What most people don't know about bicycling in Connecticut is that bicyclists (along with electric bicycles and electric foot scooters) are considered vehicles when they are in the roadway. The law states that bicyclists driving in the roadway shall be granted all the rights, and shall be subject to all the duties applicable to any driver of a vehicle. What this means is that if you are driving your bicycle on any road, you must obey all the laws that a car must obey. Bicyclists must ride on the right side of the road, with traffic, not against it. They must signal their turns, obey all traffic signs / signals, and yes, obey the speed limit. One of the reasons for this law is that it gives bicyclists the right to drive on the roadway and defines who has the right of way at intersections. Bicyclists must drive as far to the right as practicable, and no more than two abreast. More information can be found by by reading CT General Statutes §14-286 through §14-289k.
The law also defines rights and duties when riding on a sidewalk. A bicyclist is considered a pedestrian when riding on a sidewalk, however, the bicyclist must give the right of way to a person walking on the sidewalk.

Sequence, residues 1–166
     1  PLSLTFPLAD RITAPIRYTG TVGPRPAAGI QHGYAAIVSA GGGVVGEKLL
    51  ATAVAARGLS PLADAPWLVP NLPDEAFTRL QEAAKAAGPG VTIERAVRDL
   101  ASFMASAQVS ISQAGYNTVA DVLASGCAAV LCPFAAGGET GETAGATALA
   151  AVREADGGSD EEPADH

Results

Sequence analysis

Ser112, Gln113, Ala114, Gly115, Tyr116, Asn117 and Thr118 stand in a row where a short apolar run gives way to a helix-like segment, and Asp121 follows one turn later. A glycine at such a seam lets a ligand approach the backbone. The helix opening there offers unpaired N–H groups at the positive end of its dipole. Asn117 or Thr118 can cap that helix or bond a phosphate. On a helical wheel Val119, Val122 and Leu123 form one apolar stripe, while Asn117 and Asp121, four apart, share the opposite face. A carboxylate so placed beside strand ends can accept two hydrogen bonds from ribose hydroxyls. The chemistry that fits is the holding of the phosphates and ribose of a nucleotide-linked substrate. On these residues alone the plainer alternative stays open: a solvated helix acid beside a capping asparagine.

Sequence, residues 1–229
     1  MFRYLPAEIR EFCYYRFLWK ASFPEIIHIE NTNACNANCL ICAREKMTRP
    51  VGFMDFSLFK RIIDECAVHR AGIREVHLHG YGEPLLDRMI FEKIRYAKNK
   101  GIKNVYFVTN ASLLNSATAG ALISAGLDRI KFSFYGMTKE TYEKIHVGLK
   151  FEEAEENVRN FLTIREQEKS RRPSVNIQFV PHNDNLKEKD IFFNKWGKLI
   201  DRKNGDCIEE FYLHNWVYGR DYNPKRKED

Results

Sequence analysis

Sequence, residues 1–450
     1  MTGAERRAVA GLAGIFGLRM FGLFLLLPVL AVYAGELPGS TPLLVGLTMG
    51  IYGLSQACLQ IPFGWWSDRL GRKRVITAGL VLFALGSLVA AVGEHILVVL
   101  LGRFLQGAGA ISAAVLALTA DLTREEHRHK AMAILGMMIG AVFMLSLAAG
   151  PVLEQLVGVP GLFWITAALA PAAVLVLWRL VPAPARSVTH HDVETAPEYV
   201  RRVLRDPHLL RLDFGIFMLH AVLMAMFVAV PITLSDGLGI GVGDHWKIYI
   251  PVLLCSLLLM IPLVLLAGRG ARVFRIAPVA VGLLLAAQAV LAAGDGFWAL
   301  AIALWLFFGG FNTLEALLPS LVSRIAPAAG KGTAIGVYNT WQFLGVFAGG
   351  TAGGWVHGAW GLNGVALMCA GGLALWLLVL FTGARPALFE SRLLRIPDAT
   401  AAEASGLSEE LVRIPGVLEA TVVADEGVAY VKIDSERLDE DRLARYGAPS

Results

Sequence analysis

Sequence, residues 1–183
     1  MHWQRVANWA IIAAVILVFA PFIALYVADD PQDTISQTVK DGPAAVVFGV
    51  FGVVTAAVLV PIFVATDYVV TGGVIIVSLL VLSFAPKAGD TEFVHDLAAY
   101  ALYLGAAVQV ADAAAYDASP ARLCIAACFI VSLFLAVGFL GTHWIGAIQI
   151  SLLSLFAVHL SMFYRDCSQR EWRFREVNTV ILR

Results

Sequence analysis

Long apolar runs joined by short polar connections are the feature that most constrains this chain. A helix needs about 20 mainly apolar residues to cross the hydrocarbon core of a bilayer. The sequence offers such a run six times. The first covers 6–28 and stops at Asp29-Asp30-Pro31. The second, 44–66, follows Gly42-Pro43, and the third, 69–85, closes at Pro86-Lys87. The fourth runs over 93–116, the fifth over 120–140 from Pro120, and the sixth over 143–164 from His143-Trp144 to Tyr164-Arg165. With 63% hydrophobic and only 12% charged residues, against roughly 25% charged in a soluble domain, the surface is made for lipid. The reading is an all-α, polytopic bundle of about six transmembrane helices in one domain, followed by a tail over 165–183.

It is a state law (punishable by a fine) that bicyclists must be given at least three feet of space when being passed by motor vehicles on the roadway ( §14-232).
Connecticut's helmet law requires children under the age of sixteen to wear bicycle helmets. According to CONNECTICUT SAFE KIDS, Bicycles are associated with more childhood injuries than any other consumer product except the automobile. Head injury is the leading cause of death in bicycle crashes.
- Riding without a bicycle helmet increases the risk of sustaining a head injury in the event of a crash. Non-helmeted riders are 14 times more likely to be involved in a fatal crash than those wearing a helmet.
- Wear a bicycle helmet correctly. It should be comfortable and fit snugly, but not too tight. It should not slide forward and back or side to side. Straps should always be buckled.
- All helmets should meet or exceed the safety standards developed by the American National Standards Institute (ANSI), the Snell Memorial Foundation and/or the American Society for Testing and Materials (ASTM).
NHTSA recommends these tips of road riding:
Be focused and alert to the road and all traffic around you; anticipate what others may do, before they do it. This is defensive driving—the quicker you notice a potential conflict, the quicker you can act to avoid a potential crash:
- Drive with the flow, in the same direction as traffic.
- Obey street signs, signals, and road markings, just like a car.
- Assume the other person doesn’t see you; look ahead for hazards or situations to avoid that may cause you to fall, like toys, pebbles, potholes, grates, train tracks.
- No texting, listening to music or using anything that distracts you by taking your eyes and ears or your mind off the road and traffic.